The Ashland Theological Seminary of Ashland, Ohio, is sponsored by the Brethren Church. Both the Church of the Brethren and the Brethren Church came from the same historical background, but divided in 1882.
WILLIAM H. SCHAFFER
Serving The Complete Body
I was encouraged to read Huffs “Not Smart Enough for Church” [Aug. 7]. The mentally retarded are finally finding acceptance in today’s society. Communities have developed a wide variety of excellent services, and the secular media have produced books and television programs concerning the retarded with increased regularity, all of this making them more visible, better received, and more complete individuals. The secular community has made a strong commitment to the mentally retarded population.
Unfortunately, the same zeal doesn’t surface in Christ’s church. Few churches have programs for the retarded, and others, though concerned, lack the expertise. Most either fail to recognize the need or leave it to the secular community. The mentally retarded need spiritual feeding and fellowship as much as anyone in the body of Christ.
The attack on Dungeons and Dragons, the fantasy role-play game [News, Sept. 4], appears one-sided and misplaced. The games’ spokesman puts his finger on a crucial problem when he states, “D & D critics … don’t understand the game. They just leaf through a manual or two.”
I have played the game and observed others, usually young people, playing it as well. For all the talk about demons and demigods and the like, it remains that the chief source and limiting factor in any D & D game is the players themselves. What they bring to the game is what they get out of it. Every step of play is governed by logic, common sense, and imaginary skill of the players themselves. The characters and their “powers” are little more than tokens, obstacles to make the game more interesting. To be sure, many young people can lose themselves in these games, but they will do that with television or movies.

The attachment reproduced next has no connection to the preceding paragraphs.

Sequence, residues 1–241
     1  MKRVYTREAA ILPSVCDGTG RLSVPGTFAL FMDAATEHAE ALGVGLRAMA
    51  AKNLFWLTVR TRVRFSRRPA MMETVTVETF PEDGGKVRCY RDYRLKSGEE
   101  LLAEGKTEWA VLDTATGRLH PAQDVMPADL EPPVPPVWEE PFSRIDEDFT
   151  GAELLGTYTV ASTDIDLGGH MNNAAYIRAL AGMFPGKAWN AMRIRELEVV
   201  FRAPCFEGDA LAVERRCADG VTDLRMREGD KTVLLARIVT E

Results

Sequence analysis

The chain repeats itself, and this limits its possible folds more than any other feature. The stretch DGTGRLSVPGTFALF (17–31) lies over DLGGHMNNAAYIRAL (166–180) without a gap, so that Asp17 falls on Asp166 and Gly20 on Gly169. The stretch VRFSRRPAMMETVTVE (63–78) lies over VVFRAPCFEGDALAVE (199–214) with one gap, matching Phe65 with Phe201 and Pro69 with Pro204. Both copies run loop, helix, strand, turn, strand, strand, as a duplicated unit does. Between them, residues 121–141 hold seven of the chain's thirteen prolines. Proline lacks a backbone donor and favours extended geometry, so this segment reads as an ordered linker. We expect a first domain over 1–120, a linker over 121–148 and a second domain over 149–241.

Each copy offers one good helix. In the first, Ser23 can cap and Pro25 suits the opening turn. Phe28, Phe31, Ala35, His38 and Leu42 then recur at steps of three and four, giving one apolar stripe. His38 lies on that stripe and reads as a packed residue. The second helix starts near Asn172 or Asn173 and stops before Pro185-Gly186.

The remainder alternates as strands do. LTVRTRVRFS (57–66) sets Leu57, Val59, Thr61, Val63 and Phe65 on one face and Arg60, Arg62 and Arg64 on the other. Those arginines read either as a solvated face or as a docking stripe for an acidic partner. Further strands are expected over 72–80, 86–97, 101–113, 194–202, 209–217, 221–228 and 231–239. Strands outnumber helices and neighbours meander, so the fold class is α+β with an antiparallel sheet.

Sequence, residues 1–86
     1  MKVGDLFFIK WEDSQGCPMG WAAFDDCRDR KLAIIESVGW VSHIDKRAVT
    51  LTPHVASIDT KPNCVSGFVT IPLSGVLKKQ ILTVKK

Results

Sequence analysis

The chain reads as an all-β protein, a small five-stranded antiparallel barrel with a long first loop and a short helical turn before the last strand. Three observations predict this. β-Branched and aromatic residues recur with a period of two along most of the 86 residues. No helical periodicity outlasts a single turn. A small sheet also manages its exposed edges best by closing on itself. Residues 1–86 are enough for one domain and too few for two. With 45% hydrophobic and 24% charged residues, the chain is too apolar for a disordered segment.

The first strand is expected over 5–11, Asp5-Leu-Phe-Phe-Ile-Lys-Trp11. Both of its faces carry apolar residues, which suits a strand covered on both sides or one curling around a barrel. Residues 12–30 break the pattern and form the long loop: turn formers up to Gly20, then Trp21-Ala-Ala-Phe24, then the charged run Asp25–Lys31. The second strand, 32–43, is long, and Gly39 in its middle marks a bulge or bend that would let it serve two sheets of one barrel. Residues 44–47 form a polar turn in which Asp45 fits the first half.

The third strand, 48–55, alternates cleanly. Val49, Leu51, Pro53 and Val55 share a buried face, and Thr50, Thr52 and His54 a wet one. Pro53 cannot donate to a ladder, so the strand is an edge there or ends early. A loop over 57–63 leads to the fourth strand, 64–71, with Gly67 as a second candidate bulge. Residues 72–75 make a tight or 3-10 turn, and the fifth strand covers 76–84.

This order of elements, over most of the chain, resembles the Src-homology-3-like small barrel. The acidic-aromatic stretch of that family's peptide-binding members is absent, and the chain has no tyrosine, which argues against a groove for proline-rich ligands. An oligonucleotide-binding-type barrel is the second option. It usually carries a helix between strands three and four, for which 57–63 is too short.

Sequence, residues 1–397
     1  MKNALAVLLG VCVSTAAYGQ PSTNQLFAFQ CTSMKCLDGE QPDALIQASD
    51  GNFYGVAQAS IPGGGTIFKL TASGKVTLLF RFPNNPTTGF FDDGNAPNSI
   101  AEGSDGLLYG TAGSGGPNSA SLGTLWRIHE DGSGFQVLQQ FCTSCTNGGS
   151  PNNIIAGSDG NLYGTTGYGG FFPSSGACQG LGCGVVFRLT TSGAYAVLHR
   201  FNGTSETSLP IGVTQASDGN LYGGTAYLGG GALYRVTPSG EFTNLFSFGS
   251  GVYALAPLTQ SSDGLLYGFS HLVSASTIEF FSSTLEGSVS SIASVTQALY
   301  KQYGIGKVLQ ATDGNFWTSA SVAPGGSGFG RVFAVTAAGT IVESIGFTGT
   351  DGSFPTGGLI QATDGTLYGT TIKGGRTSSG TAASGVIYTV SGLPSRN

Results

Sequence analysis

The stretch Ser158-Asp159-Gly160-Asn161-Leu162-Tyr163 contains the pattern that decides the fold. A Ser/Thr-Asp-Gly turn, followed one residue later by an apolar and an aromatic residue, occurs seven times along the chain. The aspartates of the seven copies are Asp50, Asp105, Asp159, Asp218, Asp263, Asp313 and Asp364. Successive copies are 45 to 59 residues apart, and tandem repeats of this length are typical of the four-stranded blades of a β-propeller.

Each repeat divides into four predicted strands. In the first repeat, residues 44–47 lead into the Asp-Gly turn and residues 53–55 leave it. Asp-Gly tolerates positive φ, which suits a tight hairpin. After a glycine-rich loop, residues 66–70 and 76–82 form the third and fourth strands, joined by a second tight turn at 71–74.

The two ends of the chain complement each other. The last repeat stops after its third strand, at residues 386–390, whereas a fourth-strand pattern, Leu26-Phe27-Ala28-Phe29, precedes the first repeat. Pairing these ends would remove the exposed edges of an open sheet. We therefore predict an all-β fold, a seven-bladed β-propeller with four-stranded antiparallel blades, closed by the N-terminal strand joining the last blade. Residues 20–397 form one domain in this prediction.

The absorbing part of D & D arises from the way we enter its “drama” through our imaginations. It may be too much to suggest that any given game is the “creative enactment of a Tolkien fantasy.” But by the same token, D & D derives its force and attraction by the same dynamic typical of great literature. In D & D we are literally drawn into the battle between good and evil, order and chaos. If the characters and situations become enthralling, how does this differ from reading a Tolkien story, or one of the Chronicles of Narnia, or L’Engle’s A Wrinkle in Time?
REV. JAMES M. STANTON
The Episcopal Church of St. Stephen Deacon & Martyr